Pakistan: Four women from minority community killed in alleged sectarian attack

Following the Muharram procession, security measures were already tightened in the capital city of Balochistan

By: IANS | Islamabad | Published:October 5, 2016 10:10 am
pakistan, pakistan minority murder, shia murder pakistan, muharram, muharram in pakistan, shia in pakitan, minorities in pakistan Photo for representational purpose

At least four women belonging to a minority community in Pakistan were killed by unknown assailants in an allegedly sectarian-motivated targeted killing late on Tuesday.

“The women were returning from the city towards their destiny Hazara Town when armed men intercepted the bus and one of them barged inside and started shooting indiscriminately.” Abdul Razaq Cheema a local police officer in Quetta told media.

Following the Muharram procession, security measures were already tightened in the capital city of Balochistan and the authorities had already imposed section 144 and ban pillion riding.

Balochistan Chief Minister Nawab Sanaullah Khan Zehri condemned the “unfortunate” incident which “cost loss of valuable human lives”.

No group has claimed responsibility for the attack.

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  1. V
    Vkc
    Oct 6, 2016 at 10:25 pm
    Which minority hindus or christian ? Pak minister is afraid to mention.gun laws are worse then usa. You can hv a gun if u pronounce anti india slogan n then kill ur own ppl(s they wete ur citizens) shame on you.
    Reply
  2. A
    avi
    Oct 5, 2016 at 6:05 am
    Peaceful Porkistan !
    Reply
  3. P
    PUSPARAJ SAHOO
    Oct 5, 2016 at 7:26 am
    Where are the pseudo secularists now?The so called Bollywood superstars??????????IE is putting Minority why not they put Hindus were killed by Muslims? On sided and the report would have been different if happened in India?
    Reply
  4. R
    Raju
    Oct 5, 2016 at 8:52 am
    The Bible doesn’t directly address the topic of terrorism, at least not the type of terrorism we think of in the modern world. True “terrorism” is an attempt to incite fear, shock, and panic in a target potion through the use of violence. The goal of acts of terrorism is to bully a government or culture into cooperating with the demands of the terrorists. In some cases, the carnage is inflicted for its own sake or as a punishment or an act of revenge.lt;br/gt;lt;br/gt;Many of the weapons used in modern terror attacks did not exist in biblical times, such as explosives, chemical weapons, and firearms. News of an attack would travel slowly in ancient times and only by oral or written descriptions. The ability to inflict sudden, catastrophic damage combined with the rapid spread of news—especially in graphic pictures and videos—has made terrorism as we know it today possible. These capabilities did not exist in biblical times, and so neither did modern-style terrorism. However, Old Testament statements about Israel’s responsibilities during war, scriptural comments about those who target the innocent, and the general sense of Christian morality all speak against what we would today define as “terrorism.”lt;br/gt;lt;br/gt;Ancient armies were far more likely to deliberately target innocents; in fact, the idea of avoiding women and children during war was all but unheard of in the ancient Near East. However, Israel was given explicit instructions for warfare that greatly humanized their military operations. Soldiers were given the option to return home if they were newly married, afraid, or otherwise unready for warfare. They were not encouraged to suicidally throw themselves into battle (Deuteronomy 20:5–8). Israel was commanded to offer peace—and with it a warning—to a city prior to any attack (Deuteronomy 20:10). This procedure not only left room for peace, but it gave non-combatants an opportunity to flee prior to the battle.lt;br/gt;lt;br/gt;Israel was not encouraged to go out of their way to attack civilians instead of soldiers, as modern terrorism does. And the Israelites were frequently reminded that their limited, one-time-only orders to attack were based on the wickedness of their enemy, not their own superiority (Deuteronomy 9:4–6).lt;br/gt;lt;br/gt;The Bible also expresses a strong condemnation for the shedding of innocent blood. Over and over, the Scriptures lambaste those who use violence against the helpless and inoffensive (Deuteronomy 27:25; Proverbs 6:16–18). Those who use common terrorist tactics such as attacking non-combatants and trying to inspire terror are also rebuked (Jeremiah 7:6; 19:4; 22:3, 17). Even on a small scale, using ambush tactics in order to kill those one hates is treated as murder (Deuteronomy 19:11).lt;br/gt;lt;br/gt;This theme is continued in the New Testament, where Christians are explicitly told not to use bloodshed in an attempt to defend Christ (Matthew 10:52). Attempts to violently overthrow or influence the government are also off-limits (Romans 13:1). Rather, Christians are to overcome evil through good (Romans 12:21).lt;br/gt;lt;br/gt;All in all, terrorism is simply incompatible with a biblical worldview. Opposition to terrorism is expressed both in the Old and New Testaments. The principles apply both to nations and to individual people. The Bible does not explicitly address the 21st-century concept of terrorism, but it clearly condemns everything about it.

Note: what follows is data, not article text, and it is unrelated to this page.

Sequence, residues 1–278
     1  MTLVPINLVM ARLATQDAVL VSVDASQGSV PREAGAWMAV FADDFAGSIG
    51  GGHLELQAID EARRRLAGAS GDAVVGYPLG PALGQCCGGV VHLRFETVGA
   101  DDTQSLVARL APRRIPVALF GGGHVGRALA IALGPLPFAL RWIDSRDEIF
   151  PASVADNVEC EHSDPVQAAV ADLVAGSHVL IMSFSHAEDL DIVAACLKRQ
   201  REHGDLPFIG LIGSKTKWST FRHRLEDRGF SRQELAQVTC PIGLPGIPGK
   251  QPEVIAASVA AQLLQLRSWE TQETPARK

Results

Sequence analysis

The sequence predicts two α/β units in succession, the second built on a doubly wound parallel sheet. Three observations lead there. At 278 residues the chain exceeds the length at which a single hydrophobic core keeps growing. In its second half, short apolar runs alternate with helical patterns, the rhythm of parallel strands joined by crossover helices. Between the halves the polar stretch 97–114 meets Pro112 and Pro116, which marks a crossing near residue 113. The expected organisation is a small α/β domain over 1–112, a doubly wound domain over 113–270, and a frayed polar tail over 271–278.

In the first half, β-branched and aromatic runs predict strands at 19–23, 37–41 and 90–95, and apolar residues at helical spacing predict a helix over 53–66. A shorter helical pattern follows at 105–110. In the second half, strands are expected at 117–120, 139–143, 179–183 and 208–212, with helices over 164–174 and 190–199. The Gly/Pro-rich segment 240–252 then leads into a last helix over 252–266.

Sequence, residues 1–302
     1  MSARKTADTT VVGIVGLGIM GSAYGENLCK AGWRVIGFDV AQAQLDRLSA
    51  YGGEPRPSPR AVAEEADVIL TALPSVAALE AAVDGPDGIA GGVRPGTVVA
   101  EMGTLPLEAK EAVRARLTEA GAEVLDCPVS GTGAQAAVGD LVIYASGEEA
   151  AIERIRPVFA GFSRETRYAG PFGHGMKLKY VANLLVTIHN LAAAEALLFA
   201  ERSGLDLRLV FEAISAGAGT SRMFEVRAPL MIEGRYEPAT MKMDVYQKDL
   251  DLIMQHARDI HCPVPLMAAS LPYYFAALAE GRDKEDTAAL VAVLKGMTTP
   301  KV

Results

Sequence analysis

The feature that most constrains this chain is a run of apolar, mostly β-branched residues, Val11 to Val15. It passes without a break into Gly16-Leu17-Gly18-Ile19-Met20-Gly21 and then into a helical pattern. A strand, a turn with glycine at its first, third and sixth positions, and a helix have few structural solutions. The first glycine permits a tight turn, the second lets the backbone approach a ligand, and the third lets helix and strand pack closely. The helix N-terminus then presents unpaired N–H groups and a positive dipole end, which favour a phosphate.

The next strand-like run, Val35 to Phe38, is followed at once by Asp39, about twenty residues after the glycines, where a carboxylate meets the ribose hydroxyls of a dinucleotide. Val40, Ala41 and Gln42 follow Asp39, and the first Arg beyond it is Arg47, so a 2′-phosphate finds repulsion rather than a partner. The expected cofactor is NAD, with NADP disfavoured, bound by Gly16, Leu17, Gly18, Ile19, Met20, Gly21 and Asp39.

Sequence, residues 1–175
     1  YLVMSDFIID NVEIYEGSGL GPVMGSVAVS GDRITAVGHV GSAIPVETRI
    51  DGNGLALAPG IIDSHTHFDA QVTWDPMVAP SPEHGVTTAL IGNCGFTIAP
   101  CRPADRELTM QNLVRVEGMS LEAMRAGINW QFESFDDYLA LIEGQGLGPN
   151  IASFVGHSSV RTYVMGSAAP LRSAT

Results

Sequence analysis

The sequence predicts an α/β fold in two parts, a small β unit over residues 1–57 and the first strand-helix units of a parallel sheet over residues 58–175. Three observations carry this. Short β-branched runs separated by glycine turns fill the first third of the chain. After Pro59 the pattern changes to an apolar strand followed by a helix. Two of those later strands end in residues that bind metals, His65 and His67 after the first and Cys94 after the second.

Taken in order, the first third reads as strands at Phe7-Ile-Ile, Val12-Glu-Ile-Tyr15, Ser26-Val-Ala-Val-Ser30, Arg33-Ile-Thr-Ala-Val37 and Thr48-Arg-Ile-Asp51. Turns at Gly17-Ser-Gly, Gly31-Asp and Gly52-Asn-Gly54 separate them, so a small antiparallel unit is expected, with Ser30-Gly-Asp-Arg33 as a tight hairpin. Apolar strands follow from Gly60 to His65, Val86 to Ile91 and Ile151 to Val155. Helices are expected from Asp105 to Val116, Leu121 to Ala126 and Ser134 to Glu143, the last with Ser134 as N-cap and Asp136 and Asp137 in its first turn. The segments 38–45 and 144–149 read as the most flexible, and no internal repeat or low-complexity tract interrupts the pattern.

Reply